2

First, supposing $a_{n+1} = 0$ for some $n$, then $a_n = 0$, and if $n > 1$, we get $a_{n-1} = 0$. Repeatedly, we have $a_n = 0$, so $a_n \neq 0$ whenever $n > 0$. $\frac{n(n+2)a_n}{n+1} - \frac{(n-1)(n+1)a_{n+1}}{n} = n(n+1)a_na_{n+1}$ is equivalent to $\frac{n(n+2)}{(n+1)a_{n+1}} - \frac{(n-1)(n+1)}{na_n} = n(n+1)$ We obtain that \[ ...

2

Rewrite $L^2 = L(L-1)+L.$ Then, \begin{align} \sum_{L=0}^{M} { L^2 s^L } &= \sum_{L=0}^{M} {L(L-1)s^L} + \sum_{L=0}^{M} {Ls^L}\\ &=s^2 \cdot \frac{\partial^2}{\partial s^2} \sum_{L=0}^{M}{s^L} + s \cdot \frac{\partial}{\partial s}\sum_{L=0}^{M} {s^L}\\ \end{align} You can find formulas for the summations with detailed descriptions of their ...

2

For the first one, recall that $$\frac{1}{1 - x} = \sum\limits_{n = 0}^{\infty} x^n = 1 + x + x^2 + ...$$ Differentiating both sides leads to $$\frac{1}{(1 - x)^2} = \sum\limits_{n = 1}^{\infty} = 1 + 2x + 3x^2 + ... = \sum\limits_{n = 1}^{\infty} nx^{n - 1}$$ This is valid within the disk of convergence, which has radius $1$ around $x = 0$.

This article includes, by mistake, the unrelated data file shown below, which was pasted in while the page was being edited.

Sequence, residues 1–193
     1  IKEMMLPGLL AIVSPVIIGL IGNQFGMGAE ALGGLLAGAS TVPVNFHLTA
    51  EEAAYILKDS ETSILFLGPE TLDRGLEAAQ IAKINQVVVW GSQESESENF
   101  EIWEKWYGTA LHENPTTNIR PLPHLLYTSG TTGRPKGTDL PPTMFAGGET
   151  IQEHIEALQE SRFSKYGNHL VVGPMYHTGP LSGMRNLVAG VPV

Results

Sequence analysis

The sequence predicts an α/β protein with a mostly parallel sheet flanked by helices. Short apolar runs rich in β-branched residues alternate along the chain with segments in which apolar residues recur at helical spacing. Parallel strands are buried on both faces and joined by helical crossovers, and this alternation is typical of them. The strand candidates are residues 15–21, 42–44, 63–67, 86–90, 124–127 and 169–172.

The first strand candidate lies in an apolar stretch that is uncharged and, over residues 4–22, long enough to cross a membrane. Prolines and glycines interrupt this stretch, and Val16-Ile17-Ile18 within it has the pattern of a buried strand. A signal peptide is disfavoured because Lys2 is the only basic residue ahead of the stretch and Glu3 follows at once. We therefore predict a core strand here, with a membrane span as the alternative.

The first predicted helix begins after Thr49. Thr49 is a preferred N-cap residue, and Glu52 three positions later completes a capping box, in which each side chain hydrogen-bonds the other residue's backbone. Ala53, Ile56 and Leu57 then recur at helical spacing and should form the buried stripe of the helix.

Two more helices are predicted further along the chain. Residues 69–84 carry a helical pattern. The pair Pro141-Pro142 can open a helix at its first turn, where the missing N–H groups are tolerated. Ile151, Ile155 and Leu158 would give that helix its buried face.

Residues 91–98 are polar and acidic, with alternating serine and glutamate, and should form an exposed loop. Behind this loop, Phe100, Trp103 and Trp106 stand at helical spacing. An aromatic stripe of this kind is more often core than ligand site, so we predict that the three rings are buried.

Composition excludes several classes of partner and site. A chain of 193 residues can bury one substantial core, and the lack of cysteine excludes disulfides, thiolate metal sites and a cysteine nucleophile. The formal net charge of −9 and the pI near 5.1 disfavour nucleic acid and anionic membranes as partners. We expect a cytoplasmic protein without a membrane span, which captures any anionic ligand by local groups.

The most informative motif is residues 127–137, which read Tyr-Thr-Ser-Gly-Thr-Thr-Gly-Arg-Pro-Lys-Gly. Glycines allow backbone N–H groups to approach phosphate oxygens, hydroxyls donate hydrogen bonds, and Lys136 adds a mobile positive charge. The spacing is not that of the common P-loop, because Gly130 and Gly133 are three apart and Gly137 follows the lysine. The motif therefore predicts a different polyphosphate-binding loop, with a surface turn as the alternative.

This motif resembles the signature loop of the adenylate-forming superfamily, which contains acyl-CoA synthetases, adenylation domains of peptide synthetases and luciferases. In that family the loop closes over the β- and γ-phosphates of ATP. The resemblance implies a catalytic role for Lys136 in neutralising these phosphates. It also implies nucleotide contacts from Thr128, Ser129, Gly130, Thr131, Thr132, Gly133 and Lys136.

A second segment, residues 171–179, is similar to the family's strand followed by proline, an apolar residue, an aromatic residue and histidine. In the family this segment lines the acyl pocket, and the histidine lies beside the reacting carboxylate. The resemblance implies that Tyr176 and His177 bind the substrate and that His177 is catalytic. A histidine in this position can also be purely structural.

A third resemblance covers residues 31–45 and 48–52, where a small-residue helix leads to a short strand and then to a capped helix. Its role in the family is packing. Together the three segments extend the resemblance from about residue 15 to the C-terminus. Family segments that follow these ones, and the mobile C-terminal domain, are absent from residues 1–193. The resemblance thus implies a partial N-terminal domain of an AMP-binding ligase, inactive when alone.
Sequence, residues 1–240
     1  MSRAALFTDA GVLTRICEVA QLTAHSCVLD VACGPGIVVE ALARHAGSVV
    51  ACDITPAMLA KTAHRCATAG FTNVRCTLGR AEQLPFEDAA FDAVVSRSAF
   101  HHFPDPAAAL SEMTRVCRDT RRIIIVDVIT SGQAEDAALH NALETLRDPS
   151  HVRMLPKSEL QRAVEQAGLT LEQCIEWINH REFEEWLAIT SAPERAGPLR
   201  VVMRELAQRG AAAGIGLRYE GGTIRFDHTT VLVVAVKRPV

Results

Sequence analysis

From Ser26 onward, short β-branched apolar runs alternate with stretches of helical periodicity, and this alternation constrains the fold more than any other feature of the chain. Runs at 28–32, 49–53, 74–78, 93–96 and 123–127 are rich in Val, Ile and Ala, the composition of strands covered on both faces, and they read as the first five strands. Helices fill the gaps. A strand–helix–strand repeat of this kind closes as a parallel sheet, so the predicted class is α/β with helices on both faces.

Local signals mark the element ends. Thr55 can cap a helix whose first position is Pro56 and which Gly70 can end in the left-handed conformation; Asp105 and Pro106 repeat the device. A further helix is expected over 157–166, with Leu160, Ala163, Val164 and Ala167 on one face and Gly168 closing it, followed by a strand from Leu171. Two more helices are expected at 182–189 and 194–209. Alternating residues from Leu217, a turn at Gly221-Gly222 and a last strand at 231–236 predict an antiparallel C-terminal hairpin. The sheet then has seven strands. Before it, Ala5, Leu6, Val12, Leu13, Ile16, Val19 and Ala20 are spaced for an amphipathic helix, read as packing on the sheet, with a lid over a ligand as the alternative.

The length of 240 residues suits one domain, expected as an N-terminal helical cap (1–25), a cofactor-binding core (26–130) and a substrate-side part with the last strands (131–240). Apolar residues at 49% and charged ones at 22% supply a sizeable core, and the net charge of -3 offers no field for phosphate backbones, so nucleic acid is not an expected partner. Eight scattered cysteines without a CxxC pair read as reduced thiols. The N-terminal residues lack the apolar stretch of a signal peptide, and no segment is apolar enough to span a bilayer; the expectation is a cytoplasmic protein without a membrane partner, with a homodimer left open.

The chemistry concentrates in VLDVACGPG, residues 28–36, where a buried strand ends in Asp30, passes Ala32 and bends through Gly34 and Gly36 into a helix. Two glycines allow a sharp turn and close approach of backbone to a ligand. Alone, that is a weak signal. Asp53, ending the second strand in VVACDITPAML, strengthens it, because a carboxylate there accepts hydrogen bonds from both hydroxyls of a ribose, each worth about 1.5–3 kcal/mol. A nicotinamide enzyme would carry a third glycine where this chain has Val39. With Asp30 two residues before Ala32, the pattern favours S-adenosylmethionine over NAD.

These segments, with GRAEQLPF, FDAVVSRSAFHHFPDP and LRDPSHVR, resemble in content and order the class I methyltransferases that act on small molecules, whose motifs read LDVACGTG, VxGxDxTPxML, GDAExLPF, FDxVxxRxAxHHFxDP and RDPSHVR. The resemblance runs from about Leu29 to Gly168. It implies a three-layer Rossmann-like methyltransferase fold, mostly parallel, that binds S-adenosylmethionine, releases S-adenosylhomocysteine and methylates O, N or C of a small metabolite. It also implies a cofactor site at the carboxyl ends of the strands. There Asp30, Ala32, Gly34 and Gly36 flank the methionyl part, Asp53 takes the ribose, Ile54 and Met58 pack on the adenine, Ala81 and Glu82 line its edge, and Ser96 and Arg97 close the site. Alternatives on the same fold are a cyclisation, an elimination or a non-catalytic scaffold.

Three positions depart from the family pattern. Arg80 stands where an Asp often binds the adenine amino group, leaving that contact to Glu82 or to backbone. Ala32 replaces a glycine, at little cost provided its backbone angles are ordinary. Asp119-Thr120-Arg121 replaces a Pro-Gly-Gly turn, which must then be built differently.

2

Hint: For the first one if $\sum_{i = 3}^{\infty} x^{i}=f(x)$ then $\sum_{i = 3}^{\infty} i \times x^{i-1}=f'(x)$. For the second one consider that: $$\sum_{k = 2}^{i-1} a^{i-k} b^{k-2}=a^{i-2}\frac{1-\frac{b^{i-2}}{a^{i-2}}}{1-\frac{b}{a}}= \frac{a^{i-2}-{b^{i-2}}}{1-\frac{b}{a}}$$ Then you can decompose the series into two one and use the previous ...

2

It's a geometric series, with common ratio $r = e^{-1/\mu}$. It converges if and only if $|r|<1$ (this includes the case where $r$ is complex). If it converges, the easiest way to remember its value is $$\frac{\mbox{[First Term In Series]}}{1-\mbox{[Common Ratio]}}.$$ That way you don't have to fuss about whether the series ...

2

You won't find a nice algebraic solution, so to get an accurate answer you will need to use a numeric root finder. To get started, you can approximate the sum with an integral. $$\int_0^{N-1}x^n\; dx \le \sum_{n=1}^N x^n\le \int_1^N x^n\; dx\\ \frac {(N-1)^{n+1}}{n+1}\le \sum_{n=1}^N x^n\le \frac {N^{n+1}-1}{n+1}\\$$ so you can start from $n \approx \frac ... 1 a convergent power series of the form $$f(x)=\sum_{k=0}^{\infty}\frac{g(k)}{k!}x^k$$ represents the zero function iff$g(k)=0$for all$k$(here$g(k)=f^{(k)}(0)$). this can be zero for given values of$x$as noted in the comments e.g. $$\sin(\pi/2)=\sum_{k=0}^{\infty}\frac{(-1)^k}{(2k+1)!}(\pi/2)^{(2k+1)}$$ corresponding to a not-identically-zero$g(k)$... 1 If you want each one to be smaller than the last by a ratio$r$, the sum of$1+r+r^2+\dots+r^{n-1}$($n$terms) is$\frac{1-r^n}{1-r}$so you could give$100\frac{r^{i-1}(1-r)}{1-r^n}$to iterm$i$, where$i$ranges from$1$to$n$. So for$r=\frac{2}{3}, n=4$, the sum is$\frac{65}{27}$and the points are about$41.53, 27.69, 18.46, 12.30.\$ Does this work ...